• The individual condominium unit is located in a completed project that is not approved
  • For condominium projects with 10 or more units, no more than 10% of individual condo units can be FHA-insured, and projects with fewer than 10 units may have no more than two FHA-insured units

Minimum owner-occupancy requirements

FHA will require that approved condominium projects have a minimum of 50% of the units occupied by owners for most projects.

FHA insurance concentration in condominium projects

FHA will only insure up to 50% of the total number of units in an approved condominium project.

Commercial/nonresidential space limits

FHA will require that the commercial/non-residential space within an approved condominium project not exceed 35% of the project’s total floor area.

NAR’s latest existing-home sales report recorded condo sales at a seasonally adjusted annual rate of 580,000 units – a decline of 3.3% from May and a 6.5% drop from the same time last year. Out of more than 8.7 million condo units nationwide, only 17,792 FHA condo loans have been originated in the past year.

“Condos are typically more affordable than a detached single-family home, but only a small fraction of condos are FHA-certified,” NAR Chief Economist Lawrence Yun said last month.

© 2019 Florida Realtors®

Aug. 15, 2019

HUD to Announce Long-Awaited FHA Condo Rules

The U.S. Department of Housing and Urban Development is expected to release updated guidance tomorrow on FHA-insured condominium financing. The new rules should benefit your real estate clients and customers by allowing more buyers to obtain low down-payment mortgages on affordable housing options.
 

Specifically, the new rules will:
 

  • Extend FHA certifications on condo developments from two years to three years, reducing the compliance burden on condo boards.

  • Allow for single-unit mortgage approvals—often known as spot approvals—which will enable FHA insurance of individual condo units, even if the property does not have FHA approval.

  • Secure additional flexibility in the ratio of investors to owner-occupants allowed for FHA financing in a condo building.
     

The full guidance will go into effect in mid-October, 60 days from publication.
 

“Condominiums are often the most affordable option for first time home buyers, small families, and those in urban areas,” said NAR President John Smaby, in a statement issued to the media Wednesday morning. “We are thrilled that (HUD) Secretary (Ben) Carson has taken this much-needed step to put the American dream within reach for thousands of additional families.”
 

Since 2008, NAR has championed policy changes in condo lending. NAR has sought rules that would allow the owner-occupancy level to be determined on a case-by-case basis and that would extend the approval period for project certification to five years.
 

NAR’s existing-home sales report for June showed condominium and co-op sales at a seasonally adjusted annual rate of 580,000 units, a decline of 3.3% from May and 6.5% from June 2018. With more than 8.7 million condo units nationwide, only 17,792 FHA condo loans have been originated in the past year.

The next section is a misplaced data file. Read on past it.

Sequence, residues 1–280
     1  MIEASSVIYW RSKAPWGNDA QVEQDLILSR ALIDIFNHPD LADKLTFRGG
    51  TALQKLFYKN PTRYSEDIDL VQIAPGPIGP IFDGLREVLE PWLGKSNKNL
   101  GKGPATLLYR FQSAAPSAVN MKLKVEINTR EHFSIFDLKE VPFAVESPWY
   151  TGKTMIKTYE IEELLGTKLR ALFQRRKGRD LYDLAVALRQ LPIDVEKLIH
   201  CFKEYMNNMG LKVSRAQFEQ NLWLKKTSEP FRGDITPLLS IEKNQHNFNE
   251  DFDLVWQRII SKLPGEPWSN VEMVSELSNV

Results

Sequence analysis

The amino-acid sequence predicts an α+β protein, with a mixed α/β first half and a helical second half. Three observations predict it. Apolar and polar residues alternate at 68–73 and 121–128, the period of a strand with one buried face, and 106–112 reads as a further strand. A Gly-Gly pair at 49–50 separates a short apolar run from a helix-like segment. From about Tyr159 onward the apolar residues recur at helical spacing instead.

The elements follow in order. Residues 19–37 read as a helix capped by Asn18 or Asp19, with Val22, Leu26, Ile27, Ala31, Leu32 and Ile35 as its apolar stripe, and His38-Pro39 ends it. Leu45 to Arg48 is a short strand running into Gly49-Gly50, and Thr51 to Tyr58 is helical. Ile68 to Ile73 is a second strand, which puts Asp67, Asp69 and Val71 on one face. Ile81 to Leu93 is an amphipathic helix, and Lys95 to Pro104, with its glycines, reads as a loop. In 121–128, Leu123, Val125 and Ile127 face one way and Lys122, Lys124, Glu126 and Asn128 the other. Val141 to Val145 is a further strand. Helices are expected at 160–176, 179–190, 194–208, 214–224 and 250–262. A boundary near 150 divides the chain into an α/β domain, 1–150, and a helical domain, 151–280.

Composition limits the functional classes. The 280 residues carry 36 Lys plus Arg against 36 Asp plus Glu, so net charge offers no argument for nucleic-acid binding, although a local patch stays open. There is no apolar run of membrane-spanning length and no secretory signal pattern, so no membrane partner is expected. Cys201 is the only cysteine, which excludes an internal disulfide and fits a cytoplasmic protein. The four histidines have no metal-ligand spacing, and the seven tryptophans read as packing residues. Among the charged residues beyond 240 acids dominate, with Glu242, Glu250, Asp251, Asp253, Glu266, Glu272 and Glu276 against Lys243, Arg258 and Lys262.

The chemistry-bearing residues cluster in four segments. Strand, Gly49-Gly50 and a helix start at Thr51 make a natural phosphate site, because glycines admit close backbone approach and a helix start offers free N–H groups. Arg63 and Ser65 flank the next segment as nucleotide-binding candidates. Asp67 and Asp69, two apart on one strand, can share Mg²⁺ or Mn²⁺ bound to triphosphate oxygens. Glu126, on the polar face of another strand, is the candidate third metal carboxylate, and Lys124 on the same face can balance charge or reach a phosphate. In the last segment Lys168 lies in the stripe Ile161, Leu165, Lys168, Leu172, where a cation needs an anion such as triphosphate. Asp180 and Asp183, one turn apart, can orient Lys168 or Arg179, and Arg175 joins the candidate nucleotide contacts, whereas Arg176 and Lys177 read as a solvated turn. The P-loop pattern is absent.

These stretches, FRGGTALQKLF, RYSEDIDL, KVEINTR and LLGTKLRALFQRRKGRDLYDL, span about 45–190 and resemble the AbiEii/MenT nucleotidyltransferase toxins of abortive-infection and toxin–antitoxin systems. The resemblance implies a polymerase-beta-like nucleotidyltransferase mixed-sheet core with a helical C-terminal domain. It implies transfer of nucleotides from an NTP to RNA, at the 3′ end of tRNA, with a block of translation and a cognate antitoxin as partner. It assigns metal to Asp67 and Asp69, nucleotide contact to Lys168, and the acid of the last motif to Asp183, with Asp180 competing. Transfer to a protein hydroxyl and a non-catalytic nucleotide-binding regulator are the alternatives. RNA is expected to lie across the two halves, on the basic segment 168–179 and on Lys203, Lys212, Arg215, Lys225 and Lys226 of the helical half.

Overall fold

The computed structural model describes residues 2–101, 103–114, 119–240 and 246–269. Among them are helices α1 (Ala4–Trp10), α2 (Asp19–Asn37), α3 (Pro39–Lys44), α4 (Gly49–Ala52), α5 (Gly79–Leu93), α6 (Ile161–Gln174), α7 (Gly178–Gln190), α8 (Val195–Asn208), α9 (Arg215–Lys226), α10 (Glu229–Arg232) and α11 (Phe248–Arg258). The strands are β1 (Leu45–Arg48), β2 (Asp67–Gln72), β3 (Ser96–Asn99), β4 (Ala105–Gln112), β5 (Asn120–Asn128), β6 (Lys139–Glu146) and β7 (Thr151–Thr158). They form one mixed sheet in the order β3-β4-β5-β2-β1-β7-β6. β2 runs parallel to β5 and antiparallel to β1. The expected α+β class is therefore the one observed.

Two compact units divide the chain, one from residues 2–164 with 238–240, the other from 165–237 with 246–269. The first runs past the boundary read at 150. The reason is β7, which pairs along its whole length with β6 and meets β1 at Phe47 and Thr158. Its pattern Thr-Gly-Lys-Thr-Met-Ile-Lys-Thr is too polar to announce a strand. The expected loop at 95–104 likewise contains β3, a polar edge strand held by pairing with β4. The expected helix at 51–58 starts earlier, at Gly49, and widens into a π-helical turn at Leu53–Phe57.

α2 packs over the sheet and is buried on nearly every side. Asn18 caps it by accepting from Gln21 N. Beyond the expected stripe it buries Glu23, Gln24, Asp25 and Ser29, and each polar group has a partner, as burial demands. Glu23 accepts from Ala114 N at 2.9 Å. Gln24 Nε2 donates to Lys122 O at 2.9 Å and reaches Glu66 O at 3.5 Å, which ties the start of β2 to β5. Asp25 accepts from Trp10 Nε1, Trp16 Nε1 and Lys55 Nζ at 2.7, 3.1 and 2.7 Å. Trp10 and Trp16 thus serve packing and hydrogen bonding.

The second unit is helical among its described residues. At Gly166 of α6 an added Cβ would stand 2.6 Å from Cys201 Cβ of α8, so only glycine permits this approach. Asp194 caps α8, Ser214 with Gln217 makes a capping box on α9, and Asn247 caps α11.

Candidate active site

“This ruling, which culminates years of collaboration between HUD and NAR, will help reverse recent declines in condo sales and ensure the FHA is fulfilling its primary mission to the American people,” Smaby said.
 

The full rule for single-family condo financing is scheduled to be published in the Federal Register on Aug. 15, 2019, and available online at https://federalregister.gov/d/2019-17213, and on govinfo.gov.

Aug. 14, 2019

What Does ‘Give It a Fresh Coat of Paint’ Really Mean?

“Paint before listing” sounds like a simple instruction – but it’s not. Color is important, and not all walls need painted if sellers are on a tight budget.

NEWARK, N.J. – Carole Goeas hoped her Alexandria, Virginia, condo would command a high price when she put it on the market in March. But when her real estate agent suggested she could boost the property’s appeal by sprucing it up with “Burnished Clay” paint, she balked.

“I hated the name of the paint and never would have picked it,” Goeas says. But her agent, Chris Fischer of McEnearney Associates, was right. The repainted condo sold in just 10 days at the listing price of $600,000.

The color, from Behr, “made the condo look twice as big, especially with the contrast of crisp white trim,” says Goeas, a political fundraising consultant.

Painting your home before putting it up for sale can be critical to selling it faster and for a better price, says Dan DiClerico, a smart home expert for HomeAdvisor, a home improvement platform, in New York City.

“While it varies a lot, we estimate that fresh paint adds 1% to 3% to a home’s final sale price,” he says. “On a $300,000 home, that means you could be getting $3,000 to as much as $9,000 more.”

Given the relatively inexpensive cost of painting, DiClerico suggests it’s a good investment even if it just helps you sell faster. However, sellers make two common mistakes: either they don’t paint at all or they paint every single inch, which may be unnecessary, he says.

Low-cost, high-impact improvement

A recent “Hidden Cost of Selling” report by Zillow, an online real estate database, found that sellers spend an average of $2,400 for exterior painting and $1,245 for interior painting. The amount varies according to the size of the property, how much preparation is required and whether you do it yourself or hire professional painters.

In Virginia, Goeas spent $4,900 on professionals who painted the ceiling, walls, trim and built-in bookcases in her two-bedroom, two-bath condo.

“The combination of professional painters and professional photos made all the difference in getting my condo sold fast,” she says.